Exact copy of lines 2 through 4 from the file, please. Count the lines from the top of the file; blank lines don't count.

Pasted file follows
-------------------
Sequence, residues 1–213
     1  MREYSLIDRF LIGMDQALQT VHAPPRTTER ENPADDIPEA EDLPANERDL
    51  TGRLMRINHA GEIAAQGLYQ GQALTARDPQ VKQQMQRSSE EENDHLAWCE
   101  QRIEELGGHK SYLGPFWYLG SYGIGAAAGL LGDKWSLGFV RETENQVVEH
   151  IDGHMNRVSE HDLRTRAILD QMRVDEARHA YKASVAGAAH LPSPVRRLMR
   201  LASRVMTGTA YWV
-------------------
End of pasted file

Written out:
     1  MREYSLIDRF LIGMDQALQT VHAPPRTTER ENPADDIPEA EDLPANERDL
    51  TGRLMRINHA GEIAAQGLYQ GQALTARDPQ VKQQMQRSSE EENDHLAWCE
   101  QRIEELGGHK SYLGPFWYLG SYGIGAAAGL LGDKWSLGFV RETENQVVEH